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Vitamins and Deficiency Diseases
Since ancient times physicians have been aware, even without scientific names or labels, of the effects of the lack of trace substances, now labeled vitamins and minerals, in the diet. Although they couldn’t precisely identify what these substances were, ancient manuscripts show that they learned to treat deficiencies by supplementing the diet with specific foods or substances.
In our busy modern world, with our chaotic, fast-paced lifestyles it is easy to fail to eat a healthy, balanced, vitamin-rich diet. We focus on calorie counts and fat and carbohydrate grams and don’t always concern ourselves enough with nutritional value.
To save time and effort, we frequently eat foods that are canned, packaged or pre-prepared. We eat fast foods that are high in fat and salt. We rarely know where our fresh foods come from, fresh foods lose vitamins while in transport, and even the healthiest foods lose vitamin content when canned or packaged.
Vitamins are vital for the preservation and maintenance of health and must be taken in through outside sources such as fresh foods and sunlight. At present science recognizes 13 of these vitamin compounds, labeled by combining alphabetical letters; A, B, C, D, E, and K and subscript numbers. Each vitamin has a specific job in the body, A is important for vision, B for energy and general health, C is essential for the immune system, D for bone health and density, E is a potent antioxidant and K is essential for blood coagulation. Any severe lack of vitamins can have serious effects on health.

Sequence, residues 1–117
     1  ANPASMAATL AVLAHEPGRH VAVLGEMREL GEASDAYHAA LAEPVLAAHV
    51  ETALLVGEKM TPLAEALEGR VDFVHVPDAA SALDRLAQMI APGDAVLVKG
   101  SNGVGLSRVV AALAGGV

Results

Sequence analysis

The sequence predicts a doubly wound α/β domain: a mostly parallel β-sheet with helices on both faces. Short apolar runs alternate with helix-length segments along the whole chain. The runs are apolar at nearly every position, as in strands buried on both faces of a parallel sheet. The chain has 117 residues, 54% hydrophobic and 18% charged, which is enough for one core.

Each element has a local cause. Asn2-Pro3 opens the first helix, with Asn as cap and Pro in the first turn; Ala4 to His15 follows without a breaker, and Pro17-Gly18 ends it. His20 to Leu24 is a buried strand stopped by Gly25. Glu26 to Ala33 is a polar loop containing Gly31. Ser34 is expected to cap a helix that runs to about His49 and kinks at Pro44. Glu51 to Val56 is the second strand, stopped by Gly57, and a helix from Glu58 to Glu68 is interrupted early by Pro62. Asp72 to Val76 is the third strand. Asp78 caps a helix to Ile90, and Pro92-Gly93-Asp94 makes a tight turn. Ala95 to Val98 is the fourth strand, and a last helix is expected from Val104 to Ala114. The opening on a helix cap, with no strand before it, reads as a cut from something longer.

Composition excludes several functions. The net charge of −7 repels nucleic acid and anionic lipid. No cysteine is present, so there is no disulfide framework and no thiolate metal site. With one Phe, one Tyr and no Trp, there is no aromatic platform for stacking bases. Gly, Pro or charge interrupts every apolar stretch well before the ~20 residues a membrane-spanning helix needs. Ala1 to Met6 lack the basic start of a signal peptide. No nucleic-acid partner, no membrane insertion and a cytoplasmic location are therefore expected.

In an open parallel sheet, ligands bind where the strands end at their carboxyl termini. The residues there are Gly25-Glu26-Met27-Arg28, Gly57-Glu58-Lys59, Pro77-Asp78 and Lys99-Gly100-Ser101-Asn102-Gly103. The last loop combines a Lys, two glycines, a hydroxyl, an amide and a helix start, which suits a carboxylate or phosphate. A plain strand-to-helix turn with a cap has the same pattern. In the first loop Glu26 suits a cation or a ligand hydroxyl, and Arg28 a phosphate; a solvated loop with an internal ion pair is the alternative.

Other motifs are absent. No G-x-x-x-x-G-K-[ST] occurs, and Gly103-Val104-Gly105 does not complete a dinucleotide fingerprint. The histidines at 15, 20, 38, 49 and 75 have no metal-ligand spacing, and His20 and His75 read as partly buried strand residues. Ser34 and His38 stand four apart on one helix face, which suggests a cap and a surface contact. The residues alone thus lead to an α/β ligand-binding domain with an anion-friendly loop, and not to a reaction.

Commercial vitamin supplements have now been marketed for almost a century. But before that people had to obtain all of their vitamins from natural sources, primarily foods and sunlight. Seasonal and regional variations in fresh foods and their associated vitamin content often led to the incidence of what are now called ‘deficiency diseases.’ Lifestyles could also contribute to vitamin deficiency, e.g. lack of sunlight can lead to vitamin D deficiency. Deficiency diseases were also seen in populations that primarily consumed processed foods rather than natural foods.
Physicians and scientists now classify deficiency diseases as ‘Primary’ and ‘Secondary.’ Primary deficiency diseases, such as scurvy, rickets, beriberi, and pellagra are caused by the almost total lack of necessary vitamins in the victim’s diet. Secondary deficiency diseases are caused by the body’s failure to properly metabolize vitamins due to smoking, alcohol consumption, and the use of some medications or of a severely restricted diet. Research in the 18th and 19th centuries demonstrated that the ‘deficiency diseases’ rickets, a condition that caused curvature of the leg bones is caused by vitamin D deficiency, and beriberi, a skin condition caused by lack of vitamin B, could also be treated and cured through the addition of the proper vitamins to the victims’ diets through dietary and lifestyle adjustments.
Although the best source of dietary vitamins is still a healthy, well-balanced diet, the use of vitamin supplements can be of benefit, especially for people with busy, high-stress lifestyles and for growing children. As we don’t always know how much vitamin content our canned, pre-prepared or fast food diets actually provides us, the use of a daily multivitamin can plug up any holes that may exist in our day-to-day nutrition.